From the Theory Group:
Measuring the Masses of Invisible Particles
Simulation of a supersymmetric event as viewed by the Large Hadron Collider's ATLAS detector.
Dark matter particles could be revealed as missing elements
in the aftermath of such collisions. (Image courtesy CERN.)
Astrophysical observations indicate that 80 percent of the mass in the universe is made of a neutral, very weakly interacting type of matter called "dark matter." Dark matter is composed of elementary particles, but these must be of a new type, not found in the Standard Model of particle physics. Many models of dark matter have been proposed. In most of these, dark matter is composed of a heavy, neutral, stable particle that can be produced at colliders of sufficiently high energy. Now the Large Hadron Collider is running at CERN, and this accelerator could well be capable of producing dark matter particles. If researchers can identify the events with dark matter production, we will have a unique opportunity to study the elementary quanta of dark matter in the laboratory.
However, the essential property of dark matter—its weak interaction with ordinary matter—makes its particles difficult to study. Dark matter particles are expected to leave no signals or energy deposits in the detectors at the LHC. If theory holds true, they will be visible only as a missing element in the aftermath of LHC collisions, for example, as events in which the observed particle tracks have unbalanced momentum. Still, we will want to know what the LHC observations can tell us about the missing particles. Is the invisible particle produced in the laboratory the same as that in the dark matter in space? To answer this question, scientists need to measure the properties of the dark matter particle, such as its mass, spin and interaction strengths.
Reminder for Exempt Employees
Are you an exempt employee? Do you complete a yellow effort/time sheet? If so, this reminder is for you!
For regular exempt employees, including faculty, who are paid through the payroll system, pay is considered to be remuneration for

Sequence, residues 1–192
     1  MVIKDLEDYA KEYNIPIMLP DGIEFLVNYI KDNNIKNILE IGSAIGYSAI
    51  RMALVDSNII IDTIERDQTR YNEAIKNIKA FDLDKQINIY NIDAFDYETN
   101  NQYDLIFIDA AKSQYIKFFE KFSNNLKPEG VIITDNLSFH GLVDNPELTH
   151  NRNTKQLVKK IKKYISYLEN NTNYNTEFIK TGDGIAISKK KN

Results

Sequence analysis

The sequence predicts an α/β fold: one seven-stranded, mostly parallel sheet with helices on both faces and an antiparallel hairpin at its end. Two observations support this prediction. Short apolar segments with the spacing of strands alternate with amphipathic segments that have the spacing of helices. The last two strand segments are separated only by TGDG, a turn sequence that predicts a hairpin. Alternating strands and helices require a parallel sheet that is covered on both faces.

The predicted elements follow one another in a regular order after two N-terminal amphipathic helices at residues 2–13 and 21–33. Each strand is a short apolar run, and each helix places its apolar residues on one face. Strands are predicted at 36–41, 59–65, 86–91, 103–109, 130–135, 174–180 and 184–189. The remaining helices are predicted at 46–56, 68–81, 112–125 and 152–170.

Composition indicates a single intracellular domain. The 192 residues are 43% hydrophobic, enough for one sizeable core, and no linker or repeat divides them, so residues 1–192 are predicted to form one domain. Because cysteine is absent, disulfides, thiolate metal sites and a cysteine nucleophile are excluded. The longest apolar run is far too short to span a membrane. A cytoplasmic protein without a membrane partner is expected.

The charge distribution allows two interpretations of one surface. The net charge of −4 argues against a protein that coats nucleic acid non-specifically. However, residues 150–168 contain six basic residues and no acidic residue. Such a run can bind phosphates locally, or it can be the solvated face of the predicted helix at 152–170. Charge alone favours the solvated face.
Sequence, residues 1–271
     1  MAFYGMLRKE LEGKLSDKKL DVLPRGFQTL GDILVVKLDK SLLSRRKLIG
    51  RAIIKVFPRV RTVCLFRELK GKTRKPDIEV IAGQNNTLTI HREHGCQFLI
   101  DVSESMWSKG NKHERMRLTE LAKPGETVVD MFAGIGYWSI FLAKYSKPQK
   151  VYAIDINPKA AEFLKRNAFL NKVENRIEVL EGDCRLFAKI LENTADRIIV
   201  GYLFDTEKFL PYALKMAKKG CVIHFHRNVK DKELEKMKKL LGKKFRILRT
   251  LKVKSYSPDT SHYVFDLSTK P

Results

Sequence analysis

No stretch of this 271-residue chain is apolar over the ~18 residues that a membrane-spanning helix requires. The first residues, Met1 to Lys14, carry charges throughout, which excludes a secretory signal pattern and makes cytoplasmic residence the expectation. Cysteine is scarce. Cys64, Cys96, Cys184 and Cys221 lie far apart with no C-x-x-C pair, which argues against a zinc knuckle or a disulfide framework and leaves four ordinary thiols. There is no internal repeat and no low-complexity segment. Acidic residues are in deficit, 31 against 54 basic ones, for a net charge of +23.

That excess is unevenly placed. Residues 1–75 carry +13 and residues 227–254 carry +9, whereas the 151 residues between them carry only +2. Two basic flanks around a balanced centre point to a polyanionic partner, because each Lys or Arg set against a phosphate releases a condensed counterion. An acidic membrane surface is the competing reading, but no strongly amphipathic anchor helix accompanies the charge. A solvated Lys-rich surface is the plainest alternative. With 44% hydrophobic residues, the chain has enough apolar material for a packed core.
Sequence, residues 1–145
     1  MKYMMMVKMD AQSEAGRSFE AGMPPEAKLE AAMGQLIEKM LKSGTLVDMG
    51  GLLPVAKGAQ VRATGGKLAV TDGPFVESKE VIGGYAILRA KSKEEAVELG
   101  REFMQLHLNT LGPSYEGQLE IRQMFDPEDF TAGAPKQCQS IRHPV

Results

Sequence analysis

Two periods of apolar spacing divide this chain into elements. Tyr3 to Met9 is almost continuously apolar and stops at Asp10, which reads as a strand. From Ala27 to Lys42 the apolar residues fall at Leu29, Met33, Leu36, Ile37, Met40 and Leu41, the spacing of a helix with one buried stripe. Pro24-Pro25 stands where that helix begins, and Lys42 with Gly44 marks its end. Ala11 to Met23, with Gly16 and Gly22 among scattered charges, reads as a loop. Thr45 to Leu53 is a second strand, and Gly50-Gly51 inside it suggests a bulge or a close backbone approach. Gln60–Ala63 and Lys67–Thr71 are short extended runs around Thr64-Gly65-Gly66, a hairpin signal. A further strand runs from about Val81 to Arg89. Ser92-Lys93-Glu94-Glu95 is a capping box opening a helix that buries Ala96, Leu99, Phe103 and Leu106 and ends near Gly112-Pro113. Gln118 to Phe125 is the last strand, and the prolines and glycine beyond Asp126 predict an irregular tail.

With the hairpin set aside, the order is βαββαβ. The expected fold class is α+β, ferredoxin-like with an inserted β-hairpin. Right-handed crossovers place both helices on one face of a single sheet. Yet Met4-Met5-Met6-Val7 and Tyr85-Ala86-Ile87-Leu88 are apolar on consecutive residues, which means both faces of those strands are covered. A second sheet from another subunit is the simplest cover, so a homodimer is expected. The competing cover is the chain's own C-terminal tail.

all work that benefits SLAC. For full-time employees, this is 100
percent full-time equivalence, or FTE. For exempt employees, 100 percent FTE does not equate to any set number of hours, e.g., 40 or 50 hours
a week; it equates to the totality of SLAC-compensated effort. Although many SLAC systems use standard hours of 40 to indicate 100
percent FTE, this does not mean that exempt employees who are 100 percent FTE work only 40 hours per week.
When completing your yellow effort/time sheet, please make sure your effort distribution is based on the total effort for the period, including any time in excess of 40 hours per week.
In other words, each project that you worked on should be assigned a percentage of effort based on the total actual hours worked for the period. Also, remember to only distribute effort to charge numbers that benefited from the effort. Please contact Payroll at
firstname.lastname@example.org if you have any questions. Thank you!
Seen Around SLAC: Peninsula Bridge Summer Program Student Tour
Joanne Stubbs explains radioactivity and demonstrates a Geiger counter. Photo by Lori White.)
Thirty-one bright, energetic fifth-grade girls from Peninsula Bridge Summer Program at Castilleja School in Palo Alto invaded SLAC on Tuesday, July 13, for a tour of the campus and a glimpse of the exciting possibilities science could offer in their own lives.
The girls began their adventure at the Visitors' Center, where SLACers Zoe Van Hoover and Kelen Tuttle introduced them to the lab's history and science. Apurva Mehta and Deborah Bard then explained X-rays and astrophysics. The afternoon offered opportunities for hands-on activities at the Stanford Synchrotron Radiation Lightsource Building.
"A major aim of our summer program is giving academically-motivated fifth-grade girls from low-income backgrounds access to and knowledge about exciting scientific exploration," said Mary Hurlbut, the girls' teacher. She said she was thrilled by their enthusiasm.
"Exciting" was only one of the words the girls used to describe their visit. They also used "Fun", "cool", "interesting" and "amazing."
Hurlbut hopes the benefits of the trip are more subtle and long-lasting than a fun day away from the classroom. In addition to exposing her students to cutting-edge science, Hurlbut wants them to understand their gender is no barrier to joining in the exploration. The lesson seemed to be sinking in. As one student, Selenne, put it, "Yesterday I learned that nail polish is a part of science."